According to a Harvard Business Review article called “Research: When Women Are on Boards, Male CEOs Are Less Overconfident”, having more women on boards yields better results for shareholders because “having female board members helps temper the overall confidence of male CEOs, improving overall decision making for the company.”

Women Get On Board supports the findings of this study: having more women on boards leads to better results for the businesses they represent. That is why our mandate is to connect, promote, and empower more women to corporate boards. It’s also why I am sharing my board advice in this 4-part series called “How to Get Yourself on a Board.”

If you have been following the first 3 blogs in this series, you have learned how to “Master the Foundations”, “Position Your Board Offer”, and “Get Board Interviews”. The final blog in this series ties all of these elements together by showing you how to ace your board interview.

In today’s blog, I provide my top ten (10) tips from my work with Women Get On Board and my own governance experience on how to best prepare for your board interview.

1. Prepare, prepare, prepare.
Like a job interview, you want to come prepared to your board interview. Make sure you know which members of the board you will be meeting with. Understand their respective experience and skills (review the current board composition), as well as how you might be connected to them. Find out who the independent board members are and what the ratio of executive to non-executive board members is. It’s also important that you understand the board’s specific and unique challenges, why there is a board vacancy, and if they have term/age limits. Also, what is the board recruitment process? How many board members are they recruiting for? What specific skills/expertise is being considered?

2. Gain a strategic understanding of the company.
Now that we are in the midst of COVID-19, this step is more critical than ever. During the pandemic, what challenges or opportunities is the company facing? Are they going through restructuring or solvency or major transformation in the business model?

There are three phases during COVID-19 that companies are facing: respond, recover and thrive. Understand what phase the company is in and understand how the board is coping. This recent blog called “How Boards are Coping with COVID-19” highlights how boards are “a crucial role of any board is risk management. This responsibility includes setting the appropriate risk level, monitoring management’s actions against that benchmark, scanning the horizon for potential problems and helping management deal with potentially value-destroying events when they occur. Covid-19 makes this task much more difficult. Not only has the pandemic raised risk levels significantly, but it has also transformed the landscape, revealing entirely new categories of risk. For example, risks pertaining to cybersecurity must be revisited in light of the “new normal” of remote working. Regulatory risks will also require reassessment as governments mull increased intervention to help mitigate the crisis.”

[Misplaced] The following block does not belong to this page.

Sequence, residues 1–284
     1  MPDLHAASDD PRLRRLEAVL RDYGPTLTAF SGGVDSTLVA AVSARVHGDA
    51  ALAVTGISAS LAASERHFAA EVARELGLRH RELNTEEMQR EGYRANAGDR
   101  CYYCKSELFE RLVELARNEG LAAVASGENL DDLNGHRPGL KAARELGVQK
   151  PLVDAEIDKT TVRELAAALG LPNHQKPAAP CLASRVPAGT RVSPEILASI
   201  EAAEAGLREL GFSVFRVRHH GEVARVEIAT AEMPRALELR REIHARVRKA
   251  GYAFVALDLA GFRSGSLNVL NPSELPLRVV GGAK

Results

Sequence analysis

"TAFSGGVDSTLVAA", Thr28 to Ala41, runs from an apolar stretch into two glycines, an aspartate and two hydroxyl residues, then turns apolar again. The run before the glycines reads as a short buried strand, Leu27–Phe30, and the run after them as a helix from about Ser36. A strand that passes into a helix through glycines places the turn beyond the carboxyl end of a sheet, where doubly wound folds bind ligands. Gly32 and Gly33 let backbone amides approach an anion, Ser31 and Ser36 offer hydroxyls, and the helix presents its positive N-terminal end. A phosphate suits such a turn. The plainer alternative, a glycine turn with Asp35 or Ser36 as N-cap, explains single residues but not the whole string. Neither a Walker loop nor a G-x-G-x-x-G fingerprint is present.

3. Research, research, research.
Do your due diligence. Go on SEDAR (www.sedar.com) and read the company’s latest annual report, annual proxy circular, quarterly filings, and press releases and analyst reports. Also check out the company’s social media and what is trending online about the company. For a good overview of questions and issues potential directors should consider before joining a board, refer to Appendix B of CPA Canada’s “20 Questions Directors Should Ask about Building and Sustaining an Effective Board” written by Elizabeth Watson.

4. Know your board value proposition.
Knowing your board value proposition means understanding the value you bring to a board. For example, my board value proposition is “I have entrepreneurial, financial, and governance expertise with high growth and transformational companies in technology, retail, consumer and cannabis sectors.” It should include your top 3 skills/expertise, the type of the companies you can add value to, and the specific industry sectors you have experience in. For more information see my blog on Preparing Your Board Resume.

5. Understand conflicts.